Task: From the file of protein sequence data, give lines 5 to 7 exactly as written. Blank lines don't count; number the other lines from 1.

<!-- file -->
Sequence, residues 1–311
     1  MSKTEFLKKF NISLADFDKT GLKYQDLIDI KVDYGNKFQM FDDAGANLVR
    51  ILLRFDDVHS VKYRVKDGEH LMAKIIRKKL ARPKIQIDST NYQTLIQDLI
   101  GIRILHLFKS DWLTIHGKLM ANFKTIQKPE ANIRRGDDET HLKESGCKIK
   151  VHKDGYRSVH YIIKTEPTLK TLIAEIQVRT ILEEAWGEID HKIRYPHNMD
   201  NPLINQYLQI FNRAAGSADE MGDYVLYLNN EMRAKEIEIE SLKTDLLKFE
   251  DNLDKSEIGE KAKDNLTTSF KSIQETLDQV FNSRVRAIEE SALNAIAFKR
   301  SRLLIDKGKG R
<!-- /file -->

   151  VHKDGYRSVH YIIKTEPTLK TLIAEIQVRT ILEEAWGEID HKIRYPHNMD
   201  NPLINQYLQI FNRAAGSADE MGDYVLYLNN EMRAKEIEIE SLKTDLLKFE
   251  DNLDKSEIGE KAKDNLTTSF KSIQETLDQV FNSRVRAIEE SALNAIAFKR